And this is where the story ends, because I’ve wasted enough time on N4G. Their mods don’t respect the users and invent esoteric rules that aren’t mentioned on the website rules section but everyone is expected to psychically know them. His statements demonstrate just how much they only care about their own clique.

What I believe is actually going on:

I wish I knew. I’d like to think there is some amount of favoritism, but the truth is I don’t have the time or energy to analyze the failed submissions versus the approved to find where all the dots connect.

What I do know is no social news website should be operating this way.

Why does any of this matter?

Simple. In order to get your YouTube videos discovered you need to build lots of awareness.

Because the ad revenue generated per monetized video view doesn’t earn enough money to justify traditional forms of marketing (like pay per click ads) you need to share your video on websites like reddit and N4G that accept submissions. This is just a fact of life.

But when the mods block people from doing so for reasons that seem designed purely to discourage you, it makes it nearly impossible for creators to get discovered by audiences. And you can’t say video creators are any less entitled to show their work than people who submit re-hashed memes, knitted dolls of game characters or hand-forged swords. It takes a huge amount of time and creative ability to produce high-quality videos. I’m an artist just like anyone else, so why am I persecuted just because my paintbrush is Final Cut Pro and After Effects, and my canvas is YouTube?

You also can’t expect videos on YouTube to be magically discovered; anyone who has built a large audience has leveraged sites like N4G and reddit to find viewers. The problem is, in recent years the volunteer mods of these sites have hampered down on it, and basically fight anyone who exists outside the established cliches they belong to.

This is exactly why I made the Kickstarter for my own gaming social news site, rpgfanatic.net  The system is designed to not require any moderators (certainly not volunteer moderators) using gamification.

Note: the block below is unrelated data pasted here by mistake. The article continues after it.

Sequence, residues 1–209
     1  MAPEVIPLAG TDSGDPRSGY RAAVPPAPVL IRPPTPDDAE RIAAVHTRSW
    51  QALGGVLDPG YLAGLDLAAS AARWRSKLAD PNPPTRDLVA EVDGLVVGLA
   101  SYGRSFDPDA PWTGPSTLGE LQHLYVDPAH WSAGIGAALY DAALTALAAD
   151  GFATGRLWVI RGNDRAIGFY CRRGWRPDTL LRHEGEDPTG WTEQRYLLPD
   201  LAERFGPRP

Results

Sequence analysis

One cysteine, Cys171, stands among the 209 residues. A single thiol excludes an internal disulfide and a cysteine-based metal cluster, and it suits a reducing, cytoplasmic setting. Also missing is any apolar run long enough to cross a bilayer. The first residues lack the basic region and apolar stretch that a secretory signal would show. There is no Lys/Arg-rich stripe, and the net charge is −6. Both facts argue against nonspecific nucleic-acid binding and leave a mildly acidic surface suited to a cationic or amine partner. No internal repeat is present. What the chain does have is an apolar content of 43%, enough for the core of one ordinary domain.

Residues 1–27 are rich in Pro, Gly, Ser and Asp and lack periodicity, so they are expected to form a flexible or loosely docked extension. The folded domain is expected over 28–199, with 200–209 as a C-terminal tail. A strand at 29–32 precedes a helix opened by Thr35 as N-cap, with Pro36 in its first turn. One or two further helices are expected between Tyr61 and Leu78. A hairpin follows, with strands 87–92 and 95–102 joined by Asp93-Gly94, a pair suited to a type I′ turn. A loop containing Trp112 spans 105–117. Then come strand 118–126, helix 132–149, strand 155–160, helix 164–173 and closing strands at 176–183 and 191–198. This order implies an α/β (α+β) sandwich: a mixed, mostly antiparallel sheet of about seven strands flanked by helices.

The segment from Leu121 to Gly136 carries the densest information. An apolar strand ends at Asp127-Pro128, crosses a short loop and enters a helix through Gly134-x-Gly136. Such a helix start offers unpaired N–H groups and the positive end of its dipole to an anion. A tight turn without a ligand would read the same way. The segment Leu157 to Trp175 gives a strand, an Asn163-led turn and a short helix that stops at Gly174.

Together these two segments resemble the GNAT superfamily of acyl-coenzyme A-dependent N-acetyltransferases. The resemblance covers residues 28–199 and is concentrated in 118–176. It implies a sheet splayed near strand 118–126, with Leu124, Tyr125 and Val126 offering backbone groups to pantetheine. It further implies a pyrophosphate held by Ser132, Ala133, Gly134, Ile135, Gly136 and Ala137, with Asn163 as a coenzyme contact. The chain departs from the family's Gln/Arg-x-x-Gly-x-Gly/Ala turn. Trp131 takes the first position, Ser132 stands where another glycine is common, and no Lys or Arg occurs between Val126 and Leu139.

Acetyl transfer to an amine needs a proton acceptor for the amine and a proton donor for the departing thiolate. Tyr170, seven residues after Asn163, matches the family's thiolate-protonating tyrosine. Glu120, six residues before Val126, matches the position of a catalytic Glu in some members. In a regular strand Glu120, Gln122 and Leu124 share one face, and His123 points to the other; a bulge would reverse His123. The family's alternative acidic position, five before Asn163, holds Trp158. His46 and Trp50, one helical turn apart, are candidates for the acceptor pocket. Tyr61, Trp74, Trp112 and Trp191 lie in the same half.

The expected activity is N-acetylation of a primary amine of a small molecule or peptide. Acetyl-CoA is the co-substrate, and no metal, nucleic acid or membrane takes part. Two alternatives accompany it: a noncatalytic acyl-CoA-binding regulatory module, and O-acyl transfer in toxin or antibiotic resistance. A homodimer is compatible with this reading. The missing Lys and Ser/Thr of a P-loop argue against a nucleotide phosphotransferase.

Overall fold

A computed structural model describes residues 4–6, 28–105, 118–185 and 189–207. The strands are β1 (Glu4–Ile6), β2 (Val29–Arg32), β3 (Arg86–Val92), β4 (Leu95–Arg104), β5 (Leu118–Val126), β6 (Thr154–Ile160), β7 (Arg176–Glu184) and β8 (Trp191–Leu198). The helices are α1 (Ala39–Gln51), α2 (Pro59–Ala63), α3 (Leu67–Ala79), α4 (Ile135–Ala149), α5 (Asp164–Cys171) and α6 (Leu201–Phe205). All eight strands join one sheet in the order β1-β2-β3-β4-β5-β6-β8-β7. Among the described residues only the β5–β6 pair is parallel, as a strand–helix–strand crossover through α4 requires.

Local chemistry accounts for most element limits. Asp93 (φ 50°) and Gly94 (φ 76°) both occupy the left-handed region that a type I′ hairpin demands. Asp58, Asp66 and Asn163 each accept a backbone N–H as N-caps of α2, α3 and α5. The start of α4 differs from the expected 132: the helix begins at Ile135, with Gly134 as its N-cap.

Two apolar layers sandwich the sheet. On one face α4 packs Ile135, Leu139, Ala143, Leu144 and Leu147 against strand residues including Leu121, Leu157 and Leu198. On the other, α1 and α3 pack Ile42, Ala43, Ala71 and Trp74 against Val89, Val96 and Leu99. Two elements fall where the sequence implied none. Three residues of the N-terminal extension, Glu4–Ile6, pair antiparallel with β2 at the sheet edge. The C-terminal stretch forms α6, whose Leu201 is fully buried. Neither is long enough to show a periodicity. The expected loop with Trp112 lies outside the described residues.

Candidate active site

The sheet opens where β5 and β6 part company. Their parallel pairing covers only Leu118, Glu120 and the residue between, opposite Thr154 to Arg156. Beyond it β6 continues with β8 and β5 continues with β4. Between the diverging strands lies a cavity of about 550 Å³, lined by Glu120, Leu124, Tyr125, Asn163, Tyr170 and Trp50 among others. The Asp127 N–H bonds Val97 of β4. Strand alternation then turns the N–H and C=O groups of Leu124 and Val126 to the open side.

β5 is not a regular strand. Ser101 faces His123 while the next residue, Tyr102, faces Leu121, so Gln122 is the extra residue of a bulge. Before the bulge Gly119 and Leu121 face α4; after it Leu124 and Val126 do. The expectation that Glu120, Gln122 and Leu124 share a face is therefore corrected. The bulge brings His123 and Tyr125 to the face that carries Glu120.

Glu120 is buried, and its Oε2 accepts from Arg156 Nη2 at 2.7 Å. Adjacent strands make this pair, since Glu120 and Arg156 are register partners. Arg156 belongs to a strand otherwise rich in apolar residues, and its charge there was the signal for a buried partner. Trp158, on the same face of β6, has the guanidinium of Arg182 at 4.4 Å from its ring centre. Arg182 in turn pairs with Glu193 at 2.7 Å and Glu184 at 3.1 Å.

I can’t control how others run their websites, but I can choose to make a better alternative.

I hope the project gets funded so I can finally get the site in the state it’s needed to be in for the past two years. It’s been sitting half-finished for much too long. Martell TV is my focus right now, but I really believe a site like rpgfanatic.net is desperately needed in the gaming community, and the success of the site could inspire other websites to change their ways.

(Hey, a guy can dream, can’t he?)

 

 

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Written by Carey
Carey Martell is the CEO of Martell Broadcasting Systems, Inc. He is also the founder of the Power Up TV multi-channel network (acquired by Thunder Digital Media in January 2015). Carey formerly served as the Vice President of Thunder TV, the internet television division of Thunder Digital Media. In the past he has also been the Director of Alumni Membership for Tech Ranch Austin as well as the event organizer for the Austin YouTube Partner monthly meetups. Prior to his role at MBS, Inc. and his career as a video game developer and journalist, Carey served in the US Army for 5 years, including one tour of duty during Operation Iraqi Freedom. Carey is a member of the Veterans of Foreign Wars. Carey also moonlights as the host of The RPG Fanatic Show, an internet television show on YouTube which has accumulated over 3.7 million views.